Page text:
Yesterday was a crazy day in Wurm Online. It was patch day! It seems like patches are coming more and more frequently these days, which is a very good thing. In the recent weeks we’ve seen an updated crafting system, new graphics and features, and quality-of-life tweaks; these patches seem to be coming at a lightning-speed rate compared to last year. One of the nifty things that was added yesterday was new crop graphics – now all crops have their own unique looks, and you can actually see the crops change as they go through their life cycles. Cotton is my favorite so far, though I love having strawberry fields now.
So today, as part of Developers Appreciation Week, I’m going to give a shout-out to Rolf and the other developers, artists, and the GM/Community team at Code Club AB. For a very long time, Rolf was the only paid developer for Wurm, but in the past year he’s added a Client Developer (Haradur) and a Lead Art Developer (Wox). There is a team of other volunteer developers, artists and web gurus as well – Dashiva, Budda, Zcul, Cryptik, Wollschaf, Saytheb, Saroman, Kinoss, Egal, and Gurubear – all incredibly talented folks that love the game and provide their services to make the game a better experience for all of us.
I’m still amazed that Wurm Online is largely developed and managed by one person and such a small team. When I first started playing Wurm, coming from the world of AAA MMOs, huge budgets, and enormous development teams, it was easy at first to see all of the faults of a smaller indie MMO. Animations were lacking. The graphics looked like they were stuck in the early 2000s. The UI was really strange and unintuitive at first. But, once I really started playing and discovered that they truly are designing something completely different than your ordinary, run-of-the-mill MMO, it all becomes clear. Sure, animations could use some work (and are being worked on as we speak!), but it’s not about shiny graphics, really. It’s about imagination, cooperative play, and carving out your own little space in the world.
One thing that I love about the Wurm Online dev team is that they really do try to involve the players in the development of the game. New art concepts are posted before they are implemented, to get feedback and suggestions, and yes, some concepts have been changed based on player feedback. New features and system redesigns are often pitched to the players for ideas and suggestions, and those ideas are very often implemented into the final design. The whole process has a bit of a homegrown and grassroots feel to it, and it is a wonderful thing to, as a player, be able to talk directly to the dev team regarding new features. In March, there was a Wurm Meetup in Amsterdam, and Rolf and the team showed up to hang out with the players. Lots of great suggestions were brought up directly to the team during this meetup, the majority of which were implemented in-game about a week after the meeting.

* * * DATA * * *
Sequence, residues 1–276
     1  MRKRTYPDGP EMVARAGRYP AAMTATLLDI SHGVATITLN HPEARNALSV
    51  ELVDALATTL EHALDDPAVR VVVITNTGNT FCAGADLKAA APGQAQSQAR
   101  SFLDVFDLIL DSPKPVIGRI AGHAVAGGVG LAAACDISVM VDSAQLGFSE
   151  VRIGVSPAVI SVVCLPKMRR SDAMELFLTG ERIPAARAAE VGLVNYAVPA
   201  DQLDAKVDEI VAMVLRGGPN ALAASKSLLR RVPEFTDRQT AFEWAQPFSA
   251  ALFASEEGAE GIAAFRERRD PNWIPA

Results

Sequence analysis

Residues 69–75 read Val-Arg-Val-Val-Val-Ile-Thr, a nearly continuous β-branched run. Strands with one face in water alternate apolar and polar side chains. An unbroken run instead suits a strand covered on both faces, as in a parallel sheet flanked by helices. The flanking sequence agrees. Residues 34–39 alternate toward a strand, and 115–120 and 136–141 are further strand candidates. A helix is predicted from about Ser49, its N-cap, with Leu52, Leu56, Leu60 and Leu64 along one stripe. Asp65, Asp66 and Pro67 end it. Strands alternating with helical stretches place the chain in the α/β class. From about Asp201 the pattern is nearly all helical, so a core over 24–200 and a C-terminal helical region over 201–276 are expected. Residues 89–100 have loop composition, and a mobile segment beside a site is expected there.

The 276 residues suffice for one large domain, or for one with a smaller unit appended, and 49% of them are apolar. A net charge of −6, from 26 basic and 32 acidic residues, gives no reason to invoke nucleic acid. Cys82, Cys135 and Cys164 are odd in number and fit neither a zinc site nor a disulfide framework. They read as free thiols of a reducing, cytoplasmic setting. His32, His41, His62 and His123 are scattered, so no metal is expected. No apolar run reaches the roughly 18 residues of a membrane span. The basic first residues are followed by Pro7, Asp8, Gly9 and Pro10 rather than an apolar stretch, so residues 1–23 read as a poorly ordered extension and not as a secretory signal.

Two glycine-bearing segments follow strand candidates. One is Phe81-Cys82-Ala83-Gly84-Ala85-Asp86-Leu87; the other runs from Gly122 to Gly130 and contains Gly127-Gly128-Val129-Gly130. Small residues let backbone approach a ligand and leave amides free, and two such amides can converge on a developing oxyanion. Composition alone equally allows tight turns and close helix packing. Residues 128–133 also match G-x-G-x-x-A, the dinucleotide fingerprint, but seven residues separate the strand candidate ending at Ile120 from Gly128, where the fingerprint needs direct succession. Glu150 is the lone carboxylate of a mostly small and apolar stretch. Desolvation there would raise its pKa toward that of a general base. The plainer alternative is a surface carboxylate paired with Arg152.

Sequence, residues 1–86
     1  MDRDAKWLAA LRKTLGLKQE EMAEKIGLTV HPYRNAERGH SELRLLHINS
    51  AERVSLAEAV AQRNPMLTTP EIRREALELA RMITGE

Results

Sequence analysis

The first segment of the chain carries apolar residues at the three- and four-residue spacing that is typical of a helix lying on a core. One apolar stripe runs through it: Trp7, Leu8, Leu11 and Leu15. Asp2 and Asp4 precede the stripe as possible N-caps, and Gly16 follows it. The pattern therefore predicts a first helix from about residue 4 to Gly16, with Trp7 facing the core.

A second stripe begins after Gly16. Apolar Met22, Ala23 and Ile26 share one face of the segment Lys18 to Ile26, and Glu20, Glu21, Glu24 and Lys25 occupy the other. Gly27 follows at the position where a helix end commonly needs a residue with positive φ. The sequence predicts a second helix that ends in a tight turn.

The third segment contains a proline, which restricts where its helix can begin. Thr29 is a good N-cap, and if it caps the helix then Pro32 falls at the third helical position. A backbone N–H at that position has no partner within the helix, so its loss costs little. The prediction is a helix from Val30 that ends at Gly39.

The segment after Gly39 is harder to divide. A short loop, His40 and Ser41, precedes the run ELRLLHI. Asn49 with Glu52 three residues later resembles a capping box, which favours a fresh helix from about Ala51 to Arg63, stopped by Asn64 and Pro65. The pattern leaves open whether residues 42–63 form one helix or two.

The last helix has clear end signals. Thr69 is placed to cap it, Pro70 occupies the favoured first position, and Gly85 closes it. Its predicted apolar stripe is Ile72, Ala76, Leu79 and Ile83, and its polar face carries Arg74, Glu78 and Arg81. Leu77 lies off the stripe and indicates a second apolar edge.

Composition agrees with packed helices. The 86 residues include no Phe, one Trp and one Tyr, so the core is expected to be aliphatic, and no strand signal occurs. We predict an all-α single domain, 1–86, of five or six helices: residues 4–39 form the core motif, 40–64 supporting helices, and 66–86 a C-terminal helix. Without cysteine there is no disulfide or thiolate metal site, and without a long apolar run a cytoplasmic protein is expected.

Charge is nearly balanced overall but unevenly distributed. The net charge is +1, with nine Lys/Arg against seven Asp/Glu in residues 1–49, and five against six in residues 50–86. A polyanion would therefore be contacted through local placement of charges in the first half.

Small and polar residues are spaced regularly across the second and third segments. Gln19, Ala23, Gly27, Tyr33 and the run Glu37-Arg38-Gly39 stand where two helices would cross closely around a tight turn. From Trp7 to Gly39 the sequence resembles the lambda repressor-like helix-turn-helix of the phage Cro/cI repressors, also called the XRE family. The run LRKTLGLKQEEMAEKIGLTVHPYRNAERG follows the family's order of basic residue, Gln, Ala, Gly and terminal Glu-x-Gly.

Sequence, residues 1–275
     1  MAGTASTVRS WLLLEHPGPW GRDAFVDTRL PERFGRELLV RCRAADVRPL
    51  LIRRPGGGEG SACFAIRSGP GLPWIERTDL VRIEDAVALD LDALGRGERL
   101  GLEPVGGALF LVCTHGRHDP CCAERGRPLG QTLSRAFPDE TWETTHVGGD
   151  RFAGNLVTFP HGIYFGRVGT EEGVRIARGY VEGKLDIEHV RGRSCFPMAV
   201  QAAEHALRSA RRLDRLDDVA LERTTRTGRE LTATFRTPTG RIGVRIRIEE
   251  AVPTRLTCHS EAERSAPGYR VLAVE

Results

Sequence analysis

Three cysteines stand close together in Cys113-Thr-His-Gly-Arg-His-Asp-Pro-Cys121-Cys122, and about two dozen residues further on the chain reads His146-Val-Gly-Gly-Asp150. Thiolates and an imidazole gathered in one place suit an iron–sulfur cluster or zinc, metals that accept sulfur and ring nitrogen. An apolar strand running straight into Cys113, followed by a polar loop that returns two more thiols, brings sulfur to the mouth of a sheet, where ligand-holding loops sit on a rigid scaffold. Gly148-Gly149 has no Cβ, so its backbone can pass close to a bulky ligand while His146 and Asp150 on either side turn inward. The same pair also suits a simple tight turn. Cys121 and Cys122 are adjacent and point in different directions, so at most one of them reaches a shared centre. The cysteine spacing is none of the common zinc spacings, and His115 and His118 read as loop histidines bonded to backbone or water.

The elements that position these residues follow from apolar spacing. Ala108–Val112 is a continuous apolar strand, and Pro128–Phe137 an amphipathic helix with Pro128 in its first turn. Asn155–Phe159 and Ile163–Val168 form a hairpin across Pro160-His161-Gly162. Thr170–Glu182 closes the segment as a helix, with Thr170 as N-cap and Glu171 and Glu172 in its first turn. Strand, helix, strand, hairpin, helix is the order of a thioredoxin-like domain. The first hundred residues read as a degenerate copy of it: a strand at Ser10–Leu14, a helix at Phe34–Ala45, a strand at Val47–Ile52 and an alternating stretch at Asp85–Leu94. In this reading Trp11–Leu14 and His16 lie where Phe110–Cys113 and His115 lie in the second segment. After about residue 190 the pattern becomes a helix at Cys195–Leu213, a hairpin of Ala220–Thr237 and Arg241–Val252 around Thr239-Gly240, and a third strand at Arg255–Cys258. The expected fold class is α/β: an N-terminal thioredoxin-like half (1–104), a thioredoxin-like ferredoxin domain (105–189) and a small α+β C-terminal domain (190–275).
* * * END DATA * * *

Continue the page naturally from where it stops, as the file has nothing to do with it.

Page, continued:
I would be remiss if I did not also mention the Wurm GMs. These volunteers are very passionate about Wurm and the players – they absolutely want everyone to have a wonderful experience in-game and do their best to assist players quickly and efficiently, in what is often a thankless job that requires them to selflessly take time away from their own playtime. These guys and gals are the ones that grease the wheels (so to speak) by taking care of glitches and in-game issues, and Wurm would be a much harsher and more frustrating place if they weren’t there.
So here’s to Rolf and the entire Wurm Online team. Thank you for all the blood, sweat, and tears that you pour into this little online world that we get to explore and inhabit, and thank you for the creativity and for daring to do something completely different than the accepted norm. Thank you also for being so open to the players and taking our feedback into consideration – it IS noticed and appreciated. Cheers!
*In the interest of full disclosure, yes, I am a Community Assistant for Wurm Online, which entails assisting new players and answering questions in the Help channel. These are my sole personal opinions, and not in any way endorsed by Code Club AB.